1. Marine microbiomes All environments on Earth have distinct communities of microorganisms, or “microbiomes,” that are integral to ecosystem function. Microbiomes regulate processes like nutrient cycling and animal health, and often contain thousands of different species. The ocean is home to many different microbiomes, including those in the water column and sediments, attached to particles, or associated with animals like plankton. However, most microbes have yet to be cultured in a laboratory. Instead, we rely on DNA and RNA sequencing to answer basic questions about who is present and what their functional roles are. Thanks to recent advances in sequencing technology and computational tools, we can analyze large-scale sequence data to extract patterns of taxonomy and function from entire communities. These analyses are sometimes referred to as “-omics” methods in reference to terms like genomics, metagenomics, and transcriptomics, which are the analysis of whole genomes, environmental DNA, and gene expression, respectively. As a postdoc at Georgia Tech, I am studying marine and aquarium systems to understand how microbiomes are shaped by competition, respond to perturbations, and impact the health of their environment.
Field work in the Bahamas, 2013.
2. Microbial chemical ecology Bacteria produce small chemical compounds with a wide range of bioactivities, including antibiotic and anticancer properties. These compounds, also known as “secondary metabolites” or “natural products,” have been studied for decades as an avenue for drug discovery. I am interested in their ecological roles - why bacteria produce them in nature. My Ph.D. work focused on the chemical ecology of marine sediment-inhabiting bacteria called Actinomycetes, which are particularly "talented" with their chemistry. Actinomycetes make a huge range of antibiotics, many of which, such as streptomycin and erythromycin, are used in the clinic. I studied three species that are differentiated in part by their "secondary metabolome," or chemical repertoire. Understanding why and how microbes produce these small molecules has important implications for drug discovery, preventing antibiotic resistance, and understanding the fundamentals fundamentals of microbial ecology and evolution.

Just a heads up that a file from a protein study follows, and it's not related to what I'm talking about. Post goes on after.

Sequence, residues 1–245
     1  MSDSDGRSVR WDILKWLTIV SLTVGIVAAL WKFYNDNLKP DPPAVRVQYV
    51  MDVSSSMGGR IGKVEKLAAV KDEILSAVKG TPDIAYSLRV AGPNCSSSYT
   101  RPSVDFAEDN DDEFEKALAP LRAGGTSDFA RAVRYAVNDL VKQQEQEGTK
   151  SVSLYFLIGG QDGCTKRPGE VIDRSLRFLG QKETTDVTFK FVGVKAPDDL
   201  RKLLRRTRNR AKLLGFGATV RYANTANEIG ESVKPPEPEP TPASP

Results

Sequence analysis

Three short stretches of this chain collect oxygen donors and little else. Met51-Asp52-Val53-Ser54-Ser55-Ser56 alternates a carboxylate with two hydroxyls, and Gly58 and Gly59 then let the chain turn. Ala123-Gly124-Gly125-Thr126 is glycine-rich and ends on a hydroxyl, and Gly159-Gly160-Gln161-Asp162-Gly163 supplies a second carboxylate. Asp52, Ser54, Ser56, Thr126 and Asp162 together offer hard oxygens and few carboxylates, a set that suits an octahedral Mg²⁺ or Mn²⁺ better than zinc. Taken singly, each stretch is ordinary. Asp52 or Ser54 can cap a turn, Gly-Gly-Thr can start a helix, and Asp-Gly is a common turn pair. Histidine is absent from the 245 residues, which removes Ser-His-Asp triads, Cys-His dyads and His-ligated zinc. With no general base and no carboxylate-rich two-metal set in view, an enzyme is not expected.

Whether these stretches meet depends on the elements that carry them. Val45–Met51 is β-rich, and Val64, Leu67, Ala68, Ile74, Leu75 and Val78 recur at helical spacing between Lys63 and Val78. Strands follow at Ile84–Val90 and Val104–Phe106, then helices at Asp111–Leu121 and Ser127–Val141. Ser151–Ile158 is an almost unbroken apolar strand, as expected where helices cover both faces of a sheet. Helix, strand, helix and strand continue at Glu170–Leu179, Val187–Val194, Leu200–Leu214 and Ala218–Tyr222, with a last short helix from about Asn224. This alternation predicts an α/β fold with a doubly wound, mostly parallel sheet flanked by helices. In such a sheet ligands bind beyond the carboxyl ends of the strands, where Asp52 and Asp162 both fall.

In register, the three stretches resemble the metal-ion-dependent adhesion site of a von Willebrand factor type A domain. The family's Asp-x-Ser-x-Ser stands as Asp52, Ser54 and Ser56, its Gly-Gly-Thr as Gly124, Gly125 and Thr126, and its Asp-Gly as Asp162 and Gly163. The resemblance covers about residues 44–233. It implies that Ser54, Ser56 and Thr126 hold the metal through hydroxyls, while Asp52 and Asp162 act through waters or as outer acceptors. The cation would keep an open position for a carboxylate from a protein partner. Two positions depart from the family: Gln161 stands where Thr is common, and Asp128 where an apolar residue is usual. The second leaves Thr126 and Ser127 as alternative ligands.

Bugula neritina colonies being induced to spawn during a field collection trip in Morehead City, North Carolina.
3. Host-associated symbionts All animals, from ants to humans, have internal and external microbiomes that play important roles in regulating host health. Insects are among the most well-studied host-microbiome systems, and the human microbiome is an active area of research because of linkages between the gut microbiome and diseases. Marine invertebrate microbiomes, in contrast, are poorly understood. At Georgia Tech, I am studying the microbiome of the bryozoan Bugula neritina to better understand the role of an uncultured symbiont in the context of a complex microbiome. This symbiont holds high pharmaceutical and biotechnological interest because it produces anti-cancer molecules called bryostatins, but it has so far resisted efforts to grow apart from B. neritina. I hypothesize that this microbe interacts with other members of the B. neritina microbiome and the first part of this study was recently published in Aquatic Microbial Ecology. The role of symbiotic bacteria in producing, processing, or degrading bioactive compounds is an exciting field in microbial chemical ecology and marine invertebrates are ideal systems for discovery in these areas.